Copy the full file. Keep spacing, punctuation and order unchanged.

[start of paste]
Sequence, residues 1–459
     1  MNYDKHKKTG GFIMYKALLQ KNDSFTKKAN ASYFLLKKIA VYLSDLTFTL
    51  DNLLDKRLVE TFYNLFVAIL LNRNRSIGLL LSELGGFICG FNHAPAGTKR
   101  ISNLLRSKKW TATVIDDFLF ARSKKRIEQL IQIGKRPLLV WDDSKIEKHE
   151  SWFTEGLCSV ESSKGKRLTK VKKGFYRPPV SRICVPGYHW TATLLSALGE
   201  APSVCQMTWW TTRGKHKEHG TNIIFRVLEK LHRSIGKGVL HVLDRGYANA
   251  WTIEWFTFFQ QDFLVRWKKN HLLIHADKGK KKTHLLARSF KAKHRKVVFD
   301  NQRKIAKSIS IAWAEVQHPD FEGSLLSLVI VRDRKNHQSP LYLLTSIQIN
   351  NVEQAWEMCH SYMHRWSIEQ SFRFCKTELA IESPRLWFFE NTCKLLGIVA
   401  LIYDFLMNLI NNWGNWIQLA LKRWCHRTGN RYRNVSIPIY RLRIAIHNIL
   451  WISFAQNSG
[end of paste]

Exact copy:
Sequence, residues 1–459
     1  MNYDKHKKTG GFIMYKALLQ KNDSFTKKAN ASYFLLKKIA VYLSDLTFTL
    51  DNLLDKRLVE TFYNLFVAIL LNRNRSIGLL LSELGGFICG FNHAPAGTKR
   101  ISNLLRSKKW TATVIDDFLF ARSKKRIEQL IQIGKRPLLV WDDSKIEKHE
   151  SWFTEGLCSV ESSKGKRLTK VKKGFYRPPV SRICVPGYHW TATLLSALGE
   201  APSVCQMTWW TTRGKHKEHG TNIIFRVLEK LHRSIGKGVL HVLDRGYANA
   251  WTIEWFTFFQ QDFLVRWKKN HLLIHADKGK KKTHLLARSF KAKHRKVVFD
   301  NQRKIAKSIS IAWAEVQHPD FEGSLLSLVI VRDRKNHQSP LYLLTSIQIN
   351  NVEQAWEMCH SYMHRWSIEQ SFRFCKTELA IESPRLWFFE NTCKLLGIVA
   401  LIYDFLMNLI NNWGNWIQLA LKRWCHRTGN RYRNVSIPIY RLRIAIHNIL
   451  WISFAQNSG